I was in rock ‘n roll for many years, trying to make it as a recording artist. I got close a few times. Two different regional labels signed us, but we were never able to get a major label to pick up our contract. Finally, I gave up.

This is a scene from my imaginary life, had I not given up — but instead, made it big!



“I just can’t sleep in flight,” I grumbled to myself. The new jet we’d purchased hadn’t changed that, as I’d hoped it would. “There is certainly more comfort on this baby – but no sleep!”

It was still dark outside, but I could see the lights of the city on the horizon, as we approached the destination for tonight’s concert – our 17th on this two-month tour.

“Man, I can see for miles… awesome!” I shouted into the cabin, to no one in particular.

“Go on, admit it, sometimes I’m brilliant,” Zak proudly announced from the back of the craft, and then broke into full laughter, wildly bobbing his head and animatedly jabbing at his temple.

“You’re a friggin’ genius!” I called back, smiling — then hurled a cabin pillow at him.

“Hey dude, don’t abuse your stickman.”

“You don’t think trying to follow your jagged rhythms isn’t constant abuse for the rest of us,” came my sarcastic reply. “Now come on, count with me Zak, 1-2-3-4, 1-2-3-4… it’s rock‘n roll bro – not rocket science.”

“Screw you! It’s no worse that having to endure your off-key caterwauling on stage,” he shot back, through a pinched grin. “And I’m a damned good drummer!”

I had to admit, Zak was not only a great drummer, but he had really become quite the expert on private jets. His suggestion we install these larger windows was sweet.

“And I’m the brilliant and talented lead singer” I exclaimed. “It’s my handsome face up front on the stage, so people don’t have to look at the rest of your mugs.”

That brought a chorus of loving insults down upon me, as well as a barrage of pillows, potato chips, playing cards, magazines – anything the guys could get their hands on. It was chaos and joy.

“Glad we have people who clean up after us,” exclaimed Eric. “Are the drivers going to have the semis with our stage and gear at the arena when we land?” he continued, “I need one of the roadies to go grab my guitars – I’ve got these new strings I wanna try out tonight. They’re supposed to be ass kick’n!”

Looking around the cabin at the members of my band, each one my friend, my soulmate – I thought about the amazing journey we’ve been on now for over three decades. Our financial success, all the insane and wonderful things we’ve done, the incredible places we’ve been – I reflected, “We are so lucky — so very, very lucky!”

I tried to imagine what my life would have been if I’d given up those times when things got really difficult. When we couldn’t easily get gigs, we had little money – living in a shitty van, eating canned soup, and sometimes nothing… the stupid record companies rejecting our stuff… I almost caved in more than once.

“But I didn’t, and look where I am,” I mused to myself. I sank into my plush custom seat, slipped on my headphones, and stopped worrying about ‘what if’.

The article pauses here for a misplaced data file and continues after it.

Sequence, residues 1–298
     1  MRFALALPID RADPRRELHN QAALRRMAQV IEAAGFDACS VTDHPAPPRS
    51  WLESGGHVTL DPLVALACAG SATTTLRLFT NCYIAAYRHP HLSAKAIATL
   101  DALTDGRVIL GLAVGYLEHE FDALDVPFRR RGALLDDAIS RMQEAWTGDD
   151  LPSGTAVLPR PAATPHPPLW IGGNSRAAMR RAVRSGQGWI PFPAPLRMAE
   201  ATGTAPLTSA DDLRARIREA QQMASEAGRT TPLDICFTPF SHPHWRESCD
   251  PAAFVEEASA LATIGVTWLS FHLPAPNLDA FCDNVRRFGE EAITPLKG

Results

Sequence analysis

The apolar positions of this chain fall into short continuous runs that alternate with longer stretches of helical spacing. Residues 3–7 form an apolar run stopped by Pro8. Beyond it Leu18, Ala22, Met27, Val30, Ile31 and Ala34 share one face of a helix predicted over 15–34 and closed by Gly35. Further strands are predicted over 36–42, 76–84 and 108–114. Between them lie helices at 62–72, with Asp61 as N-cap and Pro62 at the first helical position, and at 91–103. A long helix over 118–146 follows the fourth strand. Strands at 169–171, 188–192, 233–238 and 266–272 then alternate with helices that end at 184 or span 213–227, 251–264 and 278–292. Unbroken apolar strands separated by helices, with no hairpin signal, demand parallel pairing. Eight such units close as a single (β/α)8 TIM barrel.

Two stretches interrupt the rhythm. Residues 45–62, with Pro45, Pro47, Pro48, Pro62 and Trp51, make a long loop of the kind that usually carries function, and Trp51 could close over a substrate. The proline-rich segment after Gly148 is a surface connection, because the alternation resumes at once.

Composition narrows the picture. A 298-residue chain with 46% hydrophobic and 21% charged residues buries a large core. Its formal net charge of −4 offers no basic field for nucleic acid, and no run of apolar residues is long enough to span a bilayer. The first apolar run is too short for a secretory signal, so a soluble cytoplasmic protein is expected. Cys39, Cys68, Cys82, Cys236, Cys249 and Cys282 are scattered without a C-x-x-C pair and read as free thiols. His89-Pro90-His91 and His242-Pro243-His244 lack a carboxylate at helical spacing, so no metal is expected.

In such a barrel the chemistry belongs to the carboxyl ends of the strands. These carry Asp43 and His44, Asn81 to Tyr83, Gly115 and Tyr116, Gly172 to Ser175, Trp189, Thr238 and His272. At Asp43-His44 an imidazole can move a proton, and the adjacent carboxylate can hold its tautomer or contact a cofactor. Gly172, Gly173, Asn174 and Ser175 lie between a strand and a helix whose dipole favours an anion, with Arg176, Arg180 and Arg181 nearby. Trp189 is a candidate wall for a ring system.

My eyes were feeling heavy and my voice was a bit raspy from lack of sleep. “Not good for the lead singer to sound like a frog,” I mumbled to myself, “I’m gonna kick my feet up here until we land. The limo will allow me to nod some – never have trouble nap’n while roll’n in our limo.”

It was almost a two-hour drive to the hotel, so I figured I’d get at least some rest – and I needed it.

I sat, reflecting on the fortunate turn of events that had brought me to this place in time, on my wife and my children, whom I missed, on tonight’s sold-out show – and I fell into a quiet sleep, as the Challenger 850 slipped sleek and silent through the night air, carrying me further into this amazing life… this dream!

rob kistner © 2007


~ by Image&VerseToo on September 10, 2007.

56 Responses to “Imagining”

  1. Fascinating read. It is amazing how one fortunate break is all that separates household names from some supremely talented artists who miss out of their day in the sun.

    If you ever see fit to posting some of your music on your site, I’d love to hear it.

  2. And now… this story is that road taken! I loved it! Thanks!

  3. Herb –

    Glad you liked it! 😉

    Fate delivers a fork in the road, and sometimes we choose the direction that brings regret.

    The irony of it all is, the woman for whom I ultimately chose to give up music, because she was with child — in the end, destroyed all the magnetic tapes of my band’s studio and ‘live’ recordings… so I have nothing, save some photos… 😦

    She also destroyed my portfolio of writing, which included my lyrics — although I’ve been re-writing some of those. Time has made my memory fuzzy.

    She also destroyed a ‘world class’ collection of baseball cards from the 1950’s & 60’s. Love hurts, but divorce is brutal!

  4. Lea –

    Yes, but only in my dreams…

    I’m pleased you liked it! 😉

  5. What fun! Always such a fine line, a nanosecond that alters an entire lifetime. Amazing. Well written.

    The site is wonderful and I’m thinking maybe I can post comments here!

  6. Tumblewords –

    Glad it was a fun read for you… 😉